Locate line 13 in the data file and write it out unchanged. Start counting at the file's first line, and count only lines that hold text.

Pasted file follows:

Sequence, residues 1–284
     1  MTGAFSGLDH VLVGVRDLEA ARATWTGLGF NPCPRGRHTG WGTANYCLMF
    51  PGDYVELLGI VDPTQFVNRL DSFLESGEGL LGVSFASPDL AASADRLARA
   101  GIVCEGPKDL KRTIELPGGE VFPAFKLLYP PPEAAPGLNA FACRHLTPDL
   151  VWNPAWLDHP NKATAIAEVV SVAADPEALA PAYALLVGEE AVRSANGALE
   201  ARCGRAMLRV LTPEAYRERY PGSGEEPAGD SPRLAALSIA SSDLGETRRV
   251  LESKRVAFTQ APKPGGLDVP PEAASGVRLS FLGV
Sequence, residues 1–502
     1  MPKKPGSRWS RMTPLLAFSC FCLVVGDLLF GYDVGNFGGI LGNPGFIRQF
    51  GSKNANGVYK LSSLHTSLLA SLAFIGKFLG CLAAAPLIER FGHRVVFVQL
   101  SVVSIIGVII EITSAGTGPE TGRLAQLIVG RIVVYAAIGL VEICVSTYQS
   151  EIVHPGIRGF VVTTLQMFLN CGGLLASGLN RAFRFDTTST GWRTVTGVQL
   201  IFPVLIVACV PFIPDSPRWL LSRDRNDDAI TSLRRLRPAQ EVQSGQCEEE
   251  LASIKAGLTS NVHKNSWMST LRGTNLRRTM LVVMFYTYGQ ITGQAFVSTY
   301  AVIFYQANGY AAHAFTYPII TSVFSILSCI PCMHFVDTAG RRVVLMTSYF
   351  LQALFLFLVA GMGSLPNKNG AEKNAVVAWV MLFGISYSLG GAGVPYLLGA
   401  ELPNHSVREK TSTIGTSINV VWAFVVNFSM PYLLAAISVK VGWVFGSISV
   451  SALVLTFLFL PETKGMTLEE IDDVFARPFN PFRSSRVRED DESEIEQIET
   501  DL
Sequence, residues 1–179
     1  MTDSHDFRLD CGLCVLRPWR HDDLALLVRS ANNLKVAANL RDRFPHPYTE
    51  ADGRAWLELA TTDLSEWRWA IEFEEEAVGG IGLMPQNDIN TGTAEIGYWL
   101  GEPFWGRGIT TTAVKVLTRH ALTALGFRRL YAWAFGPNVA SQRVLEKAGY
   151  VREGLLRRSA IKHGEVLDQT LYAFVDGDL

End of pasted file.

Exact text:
   201  IFPVLIVACV PFIPDSPRWL LSRDRNDDAI TSLRRLRPAQ EVQSGQCEEE